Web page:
The Yokosuka power plant creates 900,000 kilowatts of electricity, and abundant fumes.
YOKOSUKA, Japan — The half-century-old, oil-fueled power generators here had been idle for more than a year when, a day after the nuclear accident in March, orders came from Tokyo Electric Power headquarters to fire them up.
“They asked me how long it would take,” said Masatake Koseki, head of the Yokosuka plant, which is 40 miles south of Tokyo and run by Tokyo Electric. “The facilities are old, so I told them six months. But they said, ‘No, you must ready them by summer to prepare for an energy shortage.’ ”
Now, at summer’s peak, Yokosuka’s two fuel-oil and two gas turbines are cranking out a total of 900,000 kilowatts of electricity — and an abundance of fumes.
The generators are helping to replace the 400 million kilowatt-hours of daily electricity production lost this summer because of the shutdown of all but 15 of Japan’s 54 nuclear reactors in the wake of the Fukushima Daiichi disaster. Across the country, dozens of other fossil-fuel plants have been fired up, and Japan is importing billions of dollars worth of liquefied natural gas, coal and oil to keep them running.
Japan, the world’s third-largest user of electricity behind China and the United States, had counted on an expansion of nuclear power to contain energy costs and greenhouse gas emissions. Instead, its nuclear program is in retreat, as the public and government officials urge a sharp reduction in the nation’s reliance on nuclear power and perhaps an end to it altogether.
As its nuclear program implodes, Japan is grappling with a jump in fuel costs, making an economic recovery from the March earthquake and tsunami all the more difficult. Annual fuel expenses could rise by more than 3 trillion yen, or about $39 billion, the government says.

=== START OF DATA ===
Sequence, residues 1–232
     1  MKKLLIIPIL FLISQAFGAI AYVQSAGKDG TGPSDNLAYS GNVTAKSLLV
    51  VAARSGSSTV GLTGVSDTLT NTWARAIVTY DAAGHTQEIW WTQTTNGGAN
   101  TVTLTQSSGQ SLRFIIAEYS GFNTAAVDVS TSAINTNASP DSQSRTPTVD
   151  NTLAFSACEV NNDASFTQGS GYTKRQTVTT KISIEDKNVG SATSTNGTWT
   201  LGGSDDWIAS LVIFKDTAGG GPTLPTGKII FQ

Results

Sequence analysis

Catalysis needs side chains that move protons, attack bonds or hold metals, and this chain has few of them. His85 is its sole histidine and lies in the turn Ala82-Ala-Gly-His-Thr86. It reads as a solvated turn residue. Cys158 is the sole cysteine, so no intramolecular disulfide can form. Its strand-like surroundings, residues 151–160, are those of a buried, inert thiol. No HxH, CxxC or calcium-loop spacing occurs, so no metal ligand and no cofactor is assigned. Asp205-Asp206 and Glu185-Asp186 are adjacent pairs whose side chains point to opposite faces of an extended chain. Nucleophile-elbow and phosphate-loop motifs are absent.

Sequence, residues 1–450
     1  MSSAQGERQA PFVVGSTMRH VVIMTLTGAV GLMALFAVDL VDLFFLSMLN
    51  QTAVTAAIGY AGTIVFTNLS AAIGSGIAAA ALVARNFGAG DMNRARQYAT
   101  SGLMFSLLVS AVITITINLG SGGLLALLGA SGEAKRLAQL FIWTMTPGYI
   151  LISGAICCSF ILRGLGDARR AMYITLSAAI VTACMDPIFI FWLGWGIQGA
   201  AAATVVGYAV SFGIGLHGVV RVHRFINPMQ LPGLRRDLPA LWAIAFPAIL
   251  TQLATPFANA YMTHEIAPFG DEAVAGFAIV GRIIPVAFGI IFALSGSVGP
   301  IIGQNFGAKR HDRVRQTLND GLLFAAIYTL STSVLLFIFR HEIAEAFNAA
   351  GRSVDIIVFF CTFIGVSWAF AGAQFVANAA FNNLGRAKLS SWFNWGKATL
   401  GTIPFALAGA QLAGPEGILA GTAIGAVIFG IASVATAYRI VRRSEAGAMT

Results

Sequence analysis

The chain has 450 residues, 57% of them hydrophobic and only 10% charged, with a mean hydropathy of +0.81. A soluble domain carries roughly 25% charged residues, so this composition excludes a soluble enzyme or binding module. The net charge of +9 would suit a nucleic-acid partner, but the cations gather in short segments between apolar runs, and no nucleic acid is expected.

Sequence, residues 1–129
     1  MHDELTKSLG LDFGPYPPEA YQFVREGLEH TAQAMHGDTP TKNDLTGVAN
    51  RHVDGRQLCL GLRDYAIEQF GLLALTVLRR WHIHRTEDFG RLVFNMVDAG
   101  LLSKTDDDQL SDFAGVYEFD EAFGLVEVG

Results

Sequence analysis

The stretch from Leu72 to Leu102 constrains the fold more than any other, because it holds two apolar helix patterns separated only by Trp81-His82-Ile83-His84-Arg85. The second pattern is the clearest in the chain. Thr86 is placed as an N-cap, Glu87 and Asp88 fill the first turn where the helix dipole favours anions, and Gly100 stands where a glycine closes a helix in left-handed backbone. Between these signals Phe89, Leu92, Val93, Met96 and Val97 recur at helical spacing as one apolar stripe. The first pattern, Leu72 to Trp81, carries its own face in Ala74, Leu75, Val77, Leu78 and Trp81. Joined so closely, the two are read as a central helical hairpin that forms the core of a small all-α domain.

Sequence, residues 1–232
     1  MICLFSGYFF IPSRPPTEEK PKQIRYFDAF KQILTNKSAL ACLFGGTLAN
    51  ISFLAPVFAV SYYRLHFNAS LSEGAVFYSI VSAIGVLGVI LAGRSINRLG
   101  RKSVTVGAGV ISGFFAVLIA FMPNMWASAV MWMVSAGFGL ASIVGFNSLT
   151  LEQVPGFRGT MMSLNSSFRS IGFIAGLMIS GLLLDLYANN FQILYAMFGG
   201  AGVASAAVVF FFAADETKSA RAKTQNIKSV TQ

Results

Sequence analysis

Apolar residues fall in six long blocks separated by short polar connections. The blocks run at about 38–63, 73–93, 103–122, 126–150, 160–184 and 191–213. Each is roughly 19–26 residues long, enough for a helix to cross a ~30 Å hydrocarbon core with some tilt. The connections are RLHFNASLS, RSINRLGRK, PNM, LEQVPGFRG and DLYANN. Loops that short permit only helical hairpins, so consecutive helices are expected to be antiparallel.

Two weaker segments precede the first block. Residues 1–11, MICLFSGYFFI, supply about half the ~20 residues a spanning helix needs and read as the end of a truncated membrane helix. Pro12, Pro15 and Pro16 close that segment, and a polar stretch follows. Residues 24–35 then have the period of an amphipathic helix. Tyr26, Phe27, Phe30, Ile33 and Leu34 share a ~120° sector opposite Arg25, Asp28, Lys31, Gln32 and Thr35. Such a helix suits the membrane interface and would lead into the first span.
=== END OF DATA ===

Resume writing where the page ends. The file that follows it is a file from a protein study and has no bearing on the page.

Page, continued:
The country, until recently a vocal proponent of measures to curb climate change, is also leaving a bigger carbon footprint. According to government calculations, Japan’s greenhouse gas emissions could rise by as much as 210 million metric tons, or 16 percent, by 2013 from 1990 levels if its nuclear reactors were shut permanently. Under the 1997 Kyoto Protocol, a global agreement on greenhouse gas emissions, Japan promised to reduce its emissions by 6 percent over that period.
“Can nuclear be eliminated?” asked Adam Schatzker, an energy analyst at RBC Capital Markets. “It’s possible, but very costly.”
If necessary, Japan could replace the energy capacity lost in the shutdown of its nuclear fleet by increasing the use of natural gas and coal, Mr. Schatzker said. “But even if fossil fuel facilities can make up for the loss of nuclear, it would likely take time, cost a great deal more money and pollute significantly,” he said.
For resource-poor Japan, it is an energy shift of an unprecedented scale and speed. A generation ago, the oil shock of 1973, which exposed the country’s overdependence on Middle Eastern oil, forced Japanese companies to focus on energy efficiency and prompted the government to invest heavily in nuclear power.
But as it doubled down on nuclear power plants, Japan was slow to develop alternative forms of energy, like solar or wind power, which account for just 1 percent of its electricity supply.
Prime Minister Naoto Kan has called for a gradual move away from nuclear energy, and proposed a goal of generating 20 percent of Japan’s electricity from renewable sources, including hydroelectric plants, by the early 2020s. The Parliament is debating legislation to spur that change.